Stay away from bad banks and risk insurance

 

ECONOMICS:Nationalisation on a temporary basis would efficiently resolve our banking problems, writes KARL WHELAN

THE GOVERNMENT has put €7 billion of public money into AIB and Bank of Ireland, but it has also employed economist Peter Bacon “to assess the possibility of creating a bad bank or risk insurance scheme to take so-called toxic debts off the banks’ balance sheets in a bid to free up new lending”.

It is crucial that the Government deals with our banking problems quickly and efficiently. However, it is my opinion that the bad bank and risk insurance proposals would be inefficient and unfair.

In normal circumstances, when a firm can only survive with a significant equity investment from an outside investor, that investor gets a dominant ownership stake, reflecting the significant risk they are taking on. The Government, however, is very reluctant to take banks into public ownership.

Understanding this reluctance, bankers have been promoting the idea of a bad bank. The idea behind the current round of bad bank proposals is that governments buy “toxic assets”, thus removing them from banks’ balance sheets. However, removal of toxic assets is the not the key issue: banks could remove these assets themselves by simply writing these loans down to zero. The relevant question is: what price does the Government pay for these assets?

Governments are being asked to buy these assets because the prices banks would get for them in the marketplace would leave them undercapitalised and perhaps insolvent. So the plan relies crucially on governments paying more than the assets are worth. Every euro the Government overpays will be a euro of equity capital the bank will not have to raise elsewhere.

It is easy to see why bankers are enthusiastic about such a scheme. However, it should be equally obvious that this is unfair and a bad deal for the taxpayer. Once the crisis is over, shareholders of the institutions that created this crisis will have benefited from a large unconditional transfer of funds from the Government.

Advocates claim it has been successfully used in dealing with previous banking crises. In reality, the proposals are completely different. Previous bad banks were state asset management companies that worked to obtain the best sales price for assets that governments inherited from insolvent banks that had been nationalised. The current proposal, which involves paying over the odds for assets to keep insolvent banks in private hands, has not been tried before.

In addition to being unfair, it is questionable whether the bad bank proposal could achieve its goal of properly re-capitalising private sector banks. There may be limits on the price the Government can pay for impaired property loans under EU state aid rules. Banks may still have to write down their assets. It is easy to imagine a scenario where banks struggled with weak capital bases even after a bad bank scheme has been put in place.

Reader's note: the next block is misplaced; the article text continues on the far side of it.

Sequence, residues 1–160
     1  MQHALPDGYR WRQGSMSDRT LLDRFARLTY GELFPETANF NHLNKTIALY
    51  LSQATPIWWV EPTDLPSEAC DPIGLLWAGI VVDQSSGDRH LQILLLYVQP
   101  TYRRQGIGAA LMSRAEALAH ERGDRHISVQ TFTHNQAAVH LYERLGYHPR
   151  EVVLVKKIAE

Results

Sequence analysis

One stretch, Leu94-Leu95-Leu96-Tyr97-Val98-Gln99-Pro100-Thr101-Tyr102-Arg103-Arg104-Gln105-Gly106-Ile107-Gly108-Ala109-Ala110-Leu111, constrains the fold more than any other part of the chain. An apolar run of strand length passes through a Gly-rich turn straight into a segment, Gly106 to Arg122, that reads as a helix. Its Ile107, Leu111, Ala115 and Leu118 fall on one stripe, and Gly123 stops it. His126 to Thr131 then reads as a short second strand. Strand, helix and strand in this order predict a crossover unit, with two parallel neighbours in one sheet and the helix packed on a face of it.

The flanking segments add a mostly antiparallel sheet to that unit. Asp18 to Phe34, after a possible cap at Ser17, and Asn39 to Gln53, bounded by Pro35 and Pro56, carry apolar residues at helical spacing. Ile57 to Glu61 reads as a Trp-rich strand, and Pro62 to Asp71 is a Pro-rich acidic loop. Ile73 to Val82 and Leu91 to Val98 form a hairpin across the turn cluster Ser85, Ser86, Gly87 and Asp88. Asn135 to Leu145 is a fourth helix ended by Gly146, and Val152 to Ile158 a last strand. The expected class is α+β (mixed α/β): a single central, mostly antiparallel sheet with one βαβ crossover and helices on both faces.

This brings us to risk insurance, a proposal under which the Government agrees to assume responsibility for all losses incurred by banks over some fixed amount. By setting a ceiling on losses, it could encourage private investors to make equity investments in the banks.

One can see why this proposal might be attractive to banks and politicians. The banks would eventually get to transfer most of their loan losses to the Government. From the politician’s perspective, it may take some time before the banks call on the insurance programme, thus deferring the need for large payouts. They might even boost exchequer funds through some form of insurance payment from the banks. (In reality, the idea is akin to selling fire insurance to a man leaving a burning house.)

Like the bad bank proposal, risk insurance leaves the taxpayer on the hook for most of the loan losses, but does not give the State any further control of the banks.

It is also unlikely to produce a clean solution to the problem of undercapitalised banks. Bank chief executives would have no strong incentive to minimise losses on loans that ultimately would end up being owed to the taxpayer and may still choose to eschew outside equity investment. By the time the insurance kicks in, the scale of the bad loans could be far higher than it is today.

Irish banks need further equity capital. The Government is the only source of this capital. The bad bank and risk insurance proposals should be seen for what they are – indirect methods of recapitalising the banks without giving the Government any further control. If further major State recapitalisation is required, it is only fair that the Government take control and temporarily nationalise the banks. At that point, underperforming property loans could indeed be taken over by a State asset management company (a more accurate and useful terminology than bad bank) which could work to minimise the losses incurred by taxpayers.

The State can also decide on the appropriate level of equity capital for our banking system, a crucial decision in the control of existing management at our troubled banks. This approach is more likely to produce a fair and efficient resolution of our problems than schemes that keep management in place and reward shareholders. Temporary nationalisation would be a difficult political decision, but it is more likely to produce a lasting and fair resolution.